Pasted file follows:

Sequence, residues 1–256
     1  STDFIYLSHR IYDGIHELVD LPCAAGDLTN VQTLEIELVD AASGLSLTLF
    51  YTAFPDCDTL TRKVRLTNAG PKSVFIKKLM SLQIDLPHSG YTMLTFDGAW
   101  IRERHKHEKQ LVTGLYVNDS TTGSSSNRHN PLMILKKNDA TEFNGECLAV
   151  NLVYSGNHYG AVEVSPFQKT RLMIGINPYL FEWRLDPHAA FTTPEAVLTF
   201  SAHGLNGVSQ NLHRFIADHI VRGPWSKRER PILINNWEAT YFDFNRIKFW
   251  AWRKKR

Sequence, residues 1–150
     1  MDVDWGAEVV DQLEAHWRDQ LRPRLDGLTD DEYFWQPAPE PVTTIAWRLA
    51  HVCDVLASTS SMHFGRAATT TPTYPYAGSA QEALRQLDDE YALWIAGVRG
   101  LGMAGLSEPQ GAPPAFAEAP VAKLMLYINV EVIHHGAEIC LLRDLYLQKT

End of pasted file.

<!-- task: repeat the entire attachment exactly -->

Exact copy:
Sequence, residues 1–256
     1  STDFIYLSHR IYDGIHELVD LPCAAGDLTN VQTLEIELVD AASGLSLTLF
    51  YTAFPDCDTL TRKVRLTNAG PKSVFIKKLM SLQIDLPHSG YTMLTFDGAW
   101  IRERHKHEKQ LVTGLYVNDS TTGSSSNRHN PLMILKKNDA TEFNGECLAV
   151  NLVYSGNHYG AVEVSPFQKT RLMIGINPYL FEWRLDPHAA FTTPEAVLTF
   201  SAHGLNGVSQ NLHRFIADHI VRGPWSKRER PILINNWEAT YFDFNRIKFW
   251  AWRKKR

Sequence, residues 1–150
     1  MDVDWGAEVV DQLEAHWRDQ LRPRLDGLTD DEYFWQPAPE PVTTIAWRLA
    51  HVCDVLASTS SMHFGRAATT TPTYPYAGSA QEALRQLDDE YALWIAGVRG
   101  LGMAGLSEPQ GAPPAFAEAP VAKLMLYINV EVIHHGAEIC LLRDLYLQKT